While there is no shortage of security apps on the Play Store, aeGis one stands out a bit for a few reasons. For starters, it's dead simple to use. Set up a specific trigger phrase and you can text your phone to lock the display, remotely wipe, find the address of, or sound an alarm from your phone. There's no web interface, unfortunately, but this app trades the elaborate suite of services of something like Avast for simplicity.
As our lives fill up with screens, it becomes all the more important for them to work together. Today's YouTube update brings that dream a little closer to reality. Now, if you own a Google TV set top box and an Android device, you can use the latter to play, pause, or add videos to a playlist on the former. This is already possible for PS3 owners, so the expanded capability is a welcome addition.
TriggerTrap, a remote DSLR trigger app that's already made a name for itself among iOS users, hit the Play Store today (with an Amazon App Store launch coming soon), bringing some impressive remote controls to DSLR-toting Android users.
The app, which costs $4.99, offers a surprisingly long list of fully customizable trigger modes from time lapse to distance lap (your camera will take a photo every 30m), long-exposure HDR, star trail mode, bulb ramping timelapse, and a cable release mode that supports exposures up to a full 24 hours.
Script Kitty has actually been around for a while, but after receiving its 2.0 update last week, it's now a serious contender for one of those must-have apps (at least for anyone with an ssh-enabled server). I downloaded and set it up in a matter of a few minutes (including generating an RSA key for key-based auth and adding said key to a few Linux servers), and now have a stupid easy way of doing certain things very quickly without having to even resort to ConnectBot.
Splashtop is one of the leading pieces of remote desktop software, not to mention app of choice for NVIDIA CEO Jen-Hsun Huang when he wants to play Skyrim on his tablet. Now, Splashtop 2 HD has hit the Play Store, bringing pinch-to-zoom support, a new interface, and a very attractive price tag of free, for the time being.
As of right now, the app is free on the Play Store, however Splashtop says that this deal will only be available "for a limited time." Now, according the Play Store rules, a developer cannot convert a free app into a paid app, so it's unclear just how this will work once the developer ends the free period.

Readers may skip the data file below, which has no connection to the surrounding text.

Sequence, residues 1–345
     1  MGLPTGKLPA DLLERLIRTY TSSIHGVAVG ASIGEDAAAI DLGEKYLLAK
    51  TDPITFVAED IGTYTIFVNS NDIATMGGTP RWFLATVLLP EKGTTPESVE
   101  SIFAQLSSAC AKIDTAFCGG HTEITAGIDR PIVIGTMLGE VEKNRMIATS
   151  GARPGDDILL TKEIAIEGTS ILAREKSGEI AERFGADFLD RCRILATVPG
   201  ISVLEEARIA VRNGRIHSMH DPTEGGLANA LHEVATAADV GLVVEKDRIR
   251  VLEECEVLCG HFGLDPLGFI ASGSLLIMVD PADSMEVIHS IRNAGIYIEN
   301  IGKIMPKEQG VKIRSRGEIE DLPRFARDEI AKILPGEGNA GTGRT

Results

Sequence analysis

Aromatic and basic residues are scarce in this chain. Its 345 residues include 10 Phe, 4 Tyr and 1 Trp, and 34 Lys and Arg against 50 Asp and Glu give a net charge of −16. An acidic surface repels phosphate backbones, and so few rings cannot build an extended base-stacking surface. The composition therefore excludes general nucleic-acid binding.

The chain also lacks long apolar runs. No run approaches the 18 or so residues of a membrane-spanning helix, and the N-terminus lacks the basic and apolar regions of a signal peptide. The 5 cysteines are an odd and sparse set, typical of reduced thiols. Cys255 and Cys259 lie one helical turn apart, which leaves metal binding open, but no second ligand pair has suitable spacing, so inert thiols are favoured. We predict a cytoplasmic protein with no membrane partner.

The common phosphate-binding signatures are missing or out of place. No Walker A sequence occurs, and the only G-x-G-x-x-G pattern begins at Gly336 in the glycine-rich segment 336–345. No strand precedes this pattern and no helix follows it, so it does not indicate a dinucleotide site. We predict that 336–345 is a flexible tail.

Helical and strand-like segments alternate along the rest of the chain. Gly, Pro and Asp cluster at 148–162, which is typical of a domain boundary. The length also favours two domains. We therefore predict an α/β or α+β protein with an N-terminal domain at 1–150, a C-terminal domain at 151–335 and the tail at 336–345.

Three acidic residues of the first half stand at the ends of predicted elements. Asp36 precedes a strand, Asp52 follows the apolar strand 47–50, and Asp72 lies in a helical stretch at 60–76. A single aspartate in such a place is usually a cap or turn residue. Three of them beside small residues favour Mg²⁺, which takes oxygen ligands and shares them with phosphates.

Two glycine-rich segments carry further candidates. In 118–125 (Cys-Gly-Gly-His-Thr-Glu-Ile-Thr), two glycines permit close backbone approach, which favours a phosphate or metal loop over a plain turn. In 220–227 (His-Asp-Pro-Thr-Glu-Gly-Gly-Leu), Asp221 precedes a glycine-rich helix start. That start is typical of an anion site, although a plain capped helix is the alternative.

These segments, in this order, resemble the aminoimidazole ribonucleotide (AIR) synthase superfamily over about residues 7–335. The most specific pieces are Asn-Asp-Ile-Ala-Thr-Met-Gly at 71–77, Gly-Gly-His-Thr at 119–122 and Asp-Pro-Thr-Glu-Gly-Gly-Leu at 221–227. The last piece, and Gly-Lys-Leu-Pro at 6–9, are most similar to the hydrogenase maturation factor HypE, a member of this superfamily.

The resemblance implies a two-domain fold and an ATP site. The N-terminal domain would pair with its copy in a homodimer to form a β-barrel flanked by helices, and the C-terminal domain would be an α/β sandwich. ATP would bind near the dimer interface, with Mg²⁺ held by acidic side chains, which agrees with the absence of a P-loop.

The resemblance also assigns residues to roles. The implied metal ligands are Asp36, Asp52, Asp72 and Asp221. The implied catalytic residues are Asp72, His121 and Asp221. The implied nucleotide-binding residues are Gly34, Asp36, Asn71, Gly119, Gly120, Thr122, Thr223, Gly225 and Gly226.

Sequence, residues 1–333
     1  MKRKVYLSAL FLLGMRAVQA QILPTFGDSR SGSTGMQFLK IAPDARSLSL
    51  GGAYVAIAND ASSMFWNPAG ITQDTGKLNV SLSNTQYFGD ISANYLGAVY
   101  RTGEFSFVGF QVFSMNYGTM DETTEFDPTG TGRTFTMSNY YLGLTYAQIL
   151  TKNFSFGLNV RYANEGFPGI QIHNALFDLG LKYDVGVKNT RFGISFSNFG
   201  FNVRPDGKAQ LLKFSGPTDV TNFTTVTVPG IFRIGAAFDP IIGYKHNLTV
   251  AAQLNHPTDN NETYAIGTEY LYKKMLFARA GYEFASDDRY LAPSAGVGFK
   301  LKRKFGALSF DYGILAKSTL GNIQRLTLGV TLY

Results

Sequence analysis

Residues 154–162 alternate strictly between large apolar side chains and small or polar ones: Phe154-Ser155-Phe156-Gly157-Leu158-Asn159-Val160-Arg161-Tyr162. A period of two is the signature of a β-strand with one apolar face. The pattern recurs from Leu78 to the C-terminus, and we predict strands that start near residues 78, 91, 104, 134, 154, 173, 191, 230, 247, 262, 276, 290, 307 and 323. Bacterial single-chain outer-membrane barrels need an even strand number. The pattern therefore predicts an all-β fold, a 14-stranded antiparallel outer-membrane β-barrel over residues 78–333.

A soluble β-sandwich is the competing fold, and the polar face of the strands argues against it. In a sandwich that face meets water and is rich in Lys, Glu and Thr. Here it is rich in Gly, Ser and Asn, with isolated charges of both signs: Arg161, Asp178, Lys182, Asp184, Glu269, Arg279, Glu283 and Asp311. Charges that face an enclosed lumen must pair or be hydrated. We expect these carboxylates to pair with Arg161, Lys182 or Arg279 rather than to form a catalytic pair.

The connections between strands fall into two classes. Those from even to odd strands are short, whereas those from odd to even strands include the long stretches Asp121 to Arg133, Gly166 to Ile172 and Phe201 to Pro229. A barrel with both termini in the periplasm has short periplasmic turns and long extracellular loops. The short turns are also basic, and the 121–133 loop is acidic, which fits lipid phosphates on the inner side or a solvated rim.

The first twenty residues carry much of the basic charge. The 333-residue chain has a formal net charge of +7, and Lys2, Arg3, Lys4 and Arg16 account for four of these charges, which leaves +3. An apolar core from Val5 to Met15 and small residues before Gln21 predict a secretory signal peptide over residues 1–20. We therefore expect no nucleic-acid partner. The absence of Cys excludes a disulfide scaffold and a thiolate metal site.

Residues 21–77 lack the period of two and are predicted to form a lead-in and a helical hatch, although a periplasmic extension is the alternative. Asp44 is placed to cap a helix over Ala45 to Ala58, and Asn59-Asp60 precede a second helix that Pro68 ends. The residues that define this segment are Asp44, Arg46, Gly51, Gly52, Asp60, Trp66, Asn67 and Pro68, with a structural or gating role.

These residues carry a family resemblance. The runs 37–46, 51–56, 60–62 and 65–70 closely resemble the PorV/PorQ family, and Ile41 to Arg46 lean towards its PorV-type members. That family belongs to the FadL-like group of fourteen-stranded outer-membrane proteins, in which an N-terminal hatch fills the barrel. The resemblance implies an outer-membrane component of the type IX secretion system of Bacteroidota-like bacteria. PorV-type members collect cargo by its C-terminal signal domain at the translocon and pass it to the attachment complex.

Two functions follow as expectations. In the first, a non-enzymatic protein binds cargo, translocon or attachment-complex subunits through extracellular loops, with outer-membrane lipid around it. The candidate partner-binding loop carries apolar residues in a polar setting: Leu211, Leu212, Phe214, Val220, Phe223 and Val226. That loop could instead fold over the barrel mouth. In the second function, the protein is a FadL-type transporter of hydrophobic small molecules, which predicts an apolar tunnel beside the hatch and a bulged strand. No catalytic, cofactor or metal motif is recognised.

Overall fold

Like many technophiles, I have a soft spot for wireless audio gear. While cord-free is moving in the direction of Wi-Fi and mesh networks at home, the world of portable gear still belongs to Bluetooth. Earbuds, headphones, portable speakers - they're all different, and so far none I've tested are perfect. Once I find the perfect one in each category, I'll be sure to let you know.
A few months ago, I reviewed the MEElectronics Air-Fi AF32 - a full-size over-the-ear set of wireless headphones that ended up scoring surprisingly well while at the same time not breaking the bank.
Frisbee Rush is undoubtedly one of the most original games we've seen in ages. The story is simple - the city has been invaded by aliens, and only you and your awesome frisbee-wielding abilities can stop them - but the mechanics are anything but. See, your phone is only the controller; the game is played on your TV or PC.
Getting started with the game is about as easy as it gets: download the Android app, and load up http://www.frisbeerush.com on your TV or PC.
Ever since its unveiling at CES 2012, Splashtop THD has been eagerly awaited by owners of (the admittedly few) Tegra 3 devices. And fortunately, they have not been waiting in vain: Splashtop THD has just been released – and as promised, the ability to stream smooth, high-res video and audio from PCs and Macs alike is included.
Unlike its predecessor, Splashtop Remote HD, THD is capable of streaming content at 60 frames per second with a sub-30 millisecond latency, meaning you’ll be able to play all the 3D PC games you want (Skyrim, anyone?).
After a period of limited beta testing, Citibank officially announced today that remote check deposits can now be done using its mobile app for Android. Just snap a picture of the check, and it's deposited remotely. The deposit limit seems to be $1,000 per day (at least it was during the beta), so it won't replace going to a local branch to deposit your paycheck just yet for some of you.